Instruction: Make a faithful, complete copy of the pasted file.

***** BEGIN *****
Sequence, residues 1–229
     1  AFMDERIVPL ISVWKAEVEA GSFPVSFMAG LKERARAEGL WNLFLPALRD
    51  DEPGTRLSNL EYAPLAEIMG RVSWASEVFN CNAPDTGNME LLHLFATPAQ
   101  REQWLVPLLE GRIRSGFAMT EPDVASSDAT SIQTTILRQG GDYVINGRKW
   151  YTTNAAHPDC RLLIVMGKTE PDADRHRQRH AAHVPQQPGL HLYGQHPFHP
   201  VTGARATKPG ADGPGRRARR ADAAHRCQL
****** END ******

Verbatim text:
Sequence, residues 1–229
     1  AFMDERIVPL ISVWKAEVEA GSFPVSFMAG LKERARAEGL WNLFLPALRD
    51  DEPGTRLSNL EYAPLAEIMG RVSWASEVFN CNAPDTGNME LLHLFATPAQ
   101  REQWLVPLLE GRIRSGFAMT EPDVASSDAT SIQTTILRQG GDYVINGRKW
   151  YTTNAAHPDC RLLIVMGKTE PDADRHRQRH AAHVPQQPGL HLYGQHPFHP
   201  VTGARATKPG ADGPGRRARR ADAAHRCQL